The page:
Jump to content
Alternauta

The 3rd Edition probably will not happen

Recommended Posts

Posted (edited)
18 hours ago, Watercolour Dragon said:

The prices don't seem too dissimilar to other products some of which are pretty much the same prices in the UK which suggests this should be the case even in the US, the hardcover core books are sometimes slightly less sometimes slightly more in the US and the RRP of the D and D one is $10 more so I'd disagree on this point...

As I understand it both books contain core rules about how things work ergo people have to buy two $50 books ($100) in order to play in terrinoth or both $20 pdf's ($40). Pathfinder on the other hand has one $50 core rule book which also comes in paperback for $25 or a pdf for $9.99. D&D has a players handbook everybody needs $50 and one person would have to get the dungeon masters guide $50. It's also worth mentioning that the core rules for both pathfinder and D&D are open game license so potential players actually have access to all the core rules for free as long as they are willing to use the internet. The cost to get into D&D/pathfinder is actually as low as a set of dice....

Quote

...although FFG probably do have some problems on economies of scale being the smaller of the fish in the pond- I have noticed rivals have some cheaper options such as starter sets/ paperbacks etc...

Yeah.....yeah...

Quote

...but the lore books and bestiaries can actually add a lot of extra cost (there are different options for different price bands and how much players want to buy in to the game such as expensive luxury items for the most hooked fans.

Absolutely, once you get seriously into the other games there are a ton of things you can get AND that doesn't register as a bad thing. It registers as a supporting your game thing (you know the thing ffg is typically bad at doing). With ffg's game all you can get 2 adversary decks of 20 cards with information that you already have.....right?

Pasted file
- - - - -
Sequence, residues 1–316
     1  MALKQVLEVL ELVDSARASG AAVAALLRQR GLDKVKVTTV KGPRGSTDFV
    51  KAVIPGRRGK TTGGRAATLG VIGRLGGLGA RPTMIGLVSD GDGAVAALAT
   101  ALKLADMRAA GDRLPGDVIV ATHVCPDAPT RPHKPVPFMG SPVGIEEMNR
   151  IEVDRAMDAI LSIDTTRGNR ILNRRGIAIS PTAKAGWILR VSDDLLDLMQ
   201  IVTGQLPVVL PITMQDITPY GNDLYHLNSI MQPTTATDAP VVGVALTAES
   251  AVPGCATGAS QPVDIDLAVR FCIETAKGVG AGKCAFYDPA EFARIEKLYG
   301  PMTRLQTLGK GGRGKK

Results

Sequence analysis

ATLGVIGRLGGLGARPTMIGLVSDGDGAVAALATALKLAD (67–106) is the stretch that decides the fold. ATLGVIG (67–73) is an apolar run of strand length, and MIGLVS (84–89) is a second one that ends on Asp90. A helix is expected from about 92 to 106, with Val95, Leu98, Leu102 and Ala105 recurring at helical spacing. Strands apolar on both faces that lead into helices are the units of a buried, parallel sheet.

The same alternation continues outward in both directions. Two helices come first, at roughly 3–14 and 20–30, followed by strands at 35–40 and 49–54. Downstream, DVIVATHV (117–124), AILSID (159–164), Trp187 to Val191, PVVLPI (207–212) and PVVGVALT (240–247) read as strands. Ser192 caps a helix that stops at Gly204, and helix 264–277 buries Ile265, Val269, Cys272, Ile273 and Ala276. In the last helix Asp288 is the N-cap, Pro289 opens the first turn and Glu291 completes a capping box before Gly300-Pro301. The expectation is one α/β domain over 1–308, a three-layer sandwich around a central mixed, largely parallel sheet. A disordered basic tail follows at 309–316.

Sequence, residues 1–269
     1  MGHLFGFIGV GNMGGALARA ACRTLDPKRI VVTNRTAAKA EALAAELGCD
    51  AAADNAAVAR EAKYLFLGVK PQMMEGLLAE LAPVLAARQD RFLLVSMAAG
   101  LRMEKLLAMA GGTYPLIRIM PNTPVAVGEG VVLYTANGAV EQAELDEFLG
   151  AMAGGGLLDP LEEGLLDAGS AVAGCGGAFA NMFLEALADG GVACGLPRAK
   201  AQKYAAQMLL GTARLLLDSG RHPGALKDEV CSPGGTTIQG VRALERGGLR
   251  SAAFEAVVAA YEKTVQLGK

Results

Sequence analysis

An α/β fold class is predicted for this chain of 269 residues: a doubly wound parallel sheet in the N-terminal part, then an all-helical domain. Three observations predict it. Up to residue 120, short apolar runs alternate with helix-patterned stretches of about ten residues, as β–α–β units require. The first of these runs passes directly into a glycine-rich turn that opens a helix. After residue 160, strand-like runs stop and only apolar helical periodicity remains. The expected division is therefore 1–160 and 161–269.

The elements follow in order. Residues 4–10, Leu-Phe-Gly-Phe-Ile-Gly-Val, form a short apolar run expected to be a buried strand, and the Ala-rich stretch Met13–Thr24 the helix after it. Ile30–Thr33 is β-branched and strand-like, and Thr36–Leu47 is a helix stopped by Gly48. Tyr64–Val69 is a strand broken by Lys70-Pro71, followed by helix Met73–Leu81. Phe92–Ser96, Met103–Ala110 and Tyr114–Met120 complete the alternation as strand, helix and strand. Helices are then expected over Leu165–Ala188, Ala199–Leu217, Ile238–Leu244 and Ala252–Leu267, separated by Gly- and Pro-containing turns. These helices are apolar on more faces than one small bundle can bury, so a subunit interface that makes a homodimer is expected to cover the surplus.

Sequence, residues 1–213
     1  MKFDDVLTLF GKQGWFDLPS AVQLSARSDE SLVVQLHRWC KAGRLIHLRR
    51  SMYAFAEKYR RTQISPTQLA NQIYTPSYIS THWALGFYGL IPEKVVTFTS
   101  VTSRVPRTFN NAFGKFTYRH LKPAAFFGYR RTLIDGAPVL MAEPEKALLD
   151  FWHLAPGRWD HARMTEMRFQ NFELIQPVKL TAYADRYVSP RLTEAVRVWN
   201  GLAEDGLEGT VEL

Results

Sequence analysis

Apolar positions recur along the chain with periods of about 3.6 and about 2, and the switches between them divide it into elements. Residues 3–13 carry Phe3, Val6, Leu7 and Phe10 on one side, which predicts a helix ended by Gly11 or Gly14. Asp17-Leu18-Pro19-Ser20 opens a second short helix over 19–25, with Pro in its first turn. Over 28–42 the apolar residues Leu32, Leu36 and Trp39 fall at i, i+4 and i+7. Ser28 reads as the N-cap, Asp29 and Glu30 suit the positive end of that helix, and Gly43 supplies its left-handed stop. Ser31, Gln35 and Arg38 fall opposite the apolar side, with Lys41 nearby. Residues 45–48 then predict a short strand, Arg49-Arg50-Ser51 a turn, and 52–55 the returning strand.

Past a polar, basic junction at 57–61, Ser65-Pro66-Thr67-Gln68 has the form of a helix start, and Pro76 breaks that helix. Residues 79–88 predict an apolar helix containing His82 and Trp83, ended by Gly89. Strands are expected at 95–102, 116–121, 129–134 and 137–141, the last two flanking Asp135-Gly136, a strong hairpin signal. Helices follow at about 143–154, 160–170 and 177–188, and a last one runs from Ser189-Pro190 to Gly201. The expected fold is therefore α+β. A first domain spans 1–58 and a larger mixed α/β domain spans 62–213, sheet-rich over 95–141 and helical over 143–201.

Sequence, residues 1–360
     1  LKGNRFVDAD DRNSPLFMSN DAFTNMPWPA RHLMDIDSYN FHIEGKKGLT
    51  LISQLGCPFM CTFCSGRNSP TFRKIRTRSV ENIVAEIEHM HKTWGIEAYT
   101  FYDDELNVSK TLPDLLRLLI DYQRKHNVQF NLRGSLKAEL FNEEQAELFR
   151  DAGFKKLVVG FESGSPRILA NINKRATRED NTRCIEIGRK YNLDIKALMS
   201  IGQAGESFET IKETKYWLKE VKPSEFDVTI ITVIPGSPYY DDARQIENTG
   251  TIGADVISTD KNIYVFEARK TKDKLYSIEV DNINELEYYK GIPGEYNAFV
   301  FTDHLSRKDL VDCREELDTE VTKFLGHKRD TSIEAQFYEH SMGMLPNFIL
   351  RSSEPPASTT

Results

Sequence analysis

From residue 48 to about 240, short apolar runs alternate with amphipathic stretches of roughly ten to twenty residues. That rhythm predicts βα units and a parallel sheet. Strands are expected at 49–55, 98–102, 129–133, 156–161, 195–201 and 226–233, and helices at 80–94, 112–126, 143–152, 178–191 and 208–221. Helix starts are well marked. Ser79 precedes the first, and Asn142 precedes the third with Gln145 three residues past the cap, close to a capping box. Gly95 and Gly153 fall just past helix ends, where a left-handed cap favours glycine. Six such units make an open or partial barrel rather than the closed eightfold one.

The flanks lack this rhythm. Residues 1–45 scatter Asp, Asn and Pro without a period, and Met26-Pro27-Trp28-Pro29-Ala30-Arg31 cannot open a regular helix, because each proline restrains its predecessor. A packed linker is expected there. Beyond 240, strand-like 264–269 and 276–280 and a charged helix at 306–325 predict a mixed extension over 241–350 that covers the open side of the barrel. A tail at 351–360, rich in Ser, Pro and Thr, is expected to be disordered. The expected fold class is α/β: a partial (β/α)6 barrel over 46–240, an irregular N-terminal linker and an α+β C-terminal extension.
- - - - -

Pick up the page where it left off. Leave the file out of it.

Edited by Bucho

Share this post


Link to post
Share on other sites
Posted (edited)
On 3/3/2019 at 12:34 PM, DerDelphi said:

This is so true. I really can't understand how FFG can keep up their non-interaction with their customers. If anything will be their downfall (besides declining quality, which is also starting to be noticeable), it's this.

 

Really hope they find their feet again, one problem with major company mergers can be the company gets a bit overloaded and loses some of its focus as it adjusts to the new growth and more being under one umbrella, think there's been this short-term hit with the Asmodee takeovers - there have been a lot quite close together - but it could improve and be a good thing longer term, if they can ensure all the many games they now have in their care continue to receive due care and attention that they deserve and if the larger business benefits rather than suffers for its size.